If Kant is right and we cannot escape these categories, we can at least find a richer, deeper experience of the phenomenal world. Imagination creates the world. But for this to happen, imagination has to be intensified. If the world is to exist for us, if imagination is to work in other words, something must be happening.
The Romantics were drawn to extremes, especially extreme emotion. When Byron said "it is better to be in pain than to feel nothing at all," his point was that pain animates and fuels the creative imagination. And this happens at the collective as well as the personal level: a whole culture or society can run out of energy.
The English Romantic poet William Wordsworth even called for the revival of paganism. In his great sonnet The World is Too Much With Us, he writes that "getting and spending" has destroyed imagination. We "lay waste our powers," and are "out of tune" with nature and unmoved by natural beauty. Better, writes Wordsworth, to be a "Pagan suckled in a creed outworn." That way, our perception or experience would change.
Perhaps the most famous of all the Romantics, at least in the English-speaking world, is the poet and mystic William Blake. Blake was born in London in 1757 and from an early age saw "visions," (or, if you prefer the language of modern psychiatry, "suffered hallucinations"). In his own day he was obscure and ignored; indeed, many considered him insane.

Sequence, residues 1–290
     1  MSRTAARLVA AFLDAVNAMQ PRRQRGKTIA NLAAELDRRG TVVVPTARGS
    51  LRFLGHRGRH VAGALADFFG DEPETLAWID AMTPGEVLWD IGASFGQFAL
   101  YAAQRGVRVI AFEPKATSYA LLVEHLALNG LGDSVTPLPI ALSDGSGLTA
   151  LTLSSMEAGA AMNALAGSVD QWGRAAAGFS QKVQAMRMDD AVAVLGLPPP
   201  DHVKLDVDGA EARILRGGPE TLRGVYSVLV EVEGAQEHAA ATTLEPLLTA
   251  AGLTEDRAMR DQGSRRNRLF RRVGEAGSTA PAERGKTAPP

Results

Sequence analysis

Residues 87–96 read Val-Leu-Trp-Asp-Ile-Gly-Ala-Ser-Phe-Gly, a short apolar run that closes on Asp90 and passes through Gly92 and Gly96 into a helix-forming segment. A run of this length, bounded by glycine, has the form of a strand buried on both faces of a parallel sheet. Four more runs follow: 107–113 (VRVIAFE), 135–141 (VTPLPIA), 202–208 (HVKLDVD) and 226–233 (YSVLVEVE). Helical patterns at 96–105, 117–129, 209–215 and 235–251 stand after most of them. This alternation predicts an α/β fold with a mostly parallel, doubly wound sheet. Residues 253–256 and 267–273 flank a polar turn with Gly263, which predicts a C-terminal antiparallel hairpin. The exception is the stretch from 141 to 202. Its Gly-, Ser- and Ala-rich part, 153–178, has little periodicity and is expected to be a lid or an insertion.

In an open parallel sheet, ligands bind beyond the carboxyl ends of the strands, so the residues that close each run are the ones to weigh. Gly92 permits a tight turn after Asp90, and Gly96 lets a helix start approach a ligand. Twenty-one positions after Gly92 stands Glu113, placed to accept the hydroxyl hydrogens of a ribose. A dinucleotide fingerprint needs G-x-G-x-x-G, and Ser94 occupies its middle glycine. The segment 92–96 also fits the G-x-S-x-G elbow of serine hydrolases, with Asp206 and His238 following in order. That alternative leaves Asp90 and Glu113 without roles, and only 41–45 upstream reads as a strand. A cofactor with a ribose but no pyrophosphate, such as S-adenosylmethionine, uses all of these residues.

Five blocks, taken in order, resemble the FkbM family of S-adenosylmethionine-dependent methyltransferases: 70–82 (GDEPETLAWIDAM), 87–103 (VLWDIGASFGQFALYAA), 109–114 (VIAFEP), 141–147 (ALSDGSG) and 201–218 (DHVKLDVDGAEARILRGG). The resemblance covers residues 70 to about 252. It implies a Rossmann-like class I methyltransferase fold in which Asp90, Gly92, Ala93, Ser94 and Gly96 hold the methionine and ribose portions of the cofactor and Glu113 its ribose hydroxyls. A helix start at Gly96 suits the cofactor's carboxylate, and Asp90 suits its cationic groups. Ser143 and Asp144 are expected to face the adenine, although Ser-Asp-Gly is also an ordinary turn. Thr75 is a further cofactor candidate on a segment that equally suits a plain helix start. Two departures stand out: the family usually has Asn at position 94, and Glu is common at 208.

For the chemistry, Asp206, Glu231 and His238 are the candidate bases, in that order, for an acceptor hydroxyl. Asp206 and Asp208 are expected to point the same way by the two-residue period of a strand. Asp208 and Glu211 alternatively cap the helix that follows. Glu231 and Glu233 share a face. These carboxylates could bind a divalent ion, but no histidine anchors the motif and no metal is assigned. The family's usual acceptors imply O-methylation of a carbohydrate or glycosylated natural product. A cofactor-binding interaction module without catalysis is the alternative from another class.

Blake painted nightmarish images, wrote poetry and philosophy, and even created his own mythology. Modern analysts argue that he was schizophrenic. Like Blake, schizophrenics sink into the unconscious; unlike Blake, they do not return.
Blake survived his descent through creativity. Instead of being overwhelmed, he turned the unconscious symbols into poetry, myth, and paint. In other words, by transforming the symbols of the unconscious into art, he maintained contact with the outer world. And his mythic figures were what Jung called archetypes of the collective unconscious.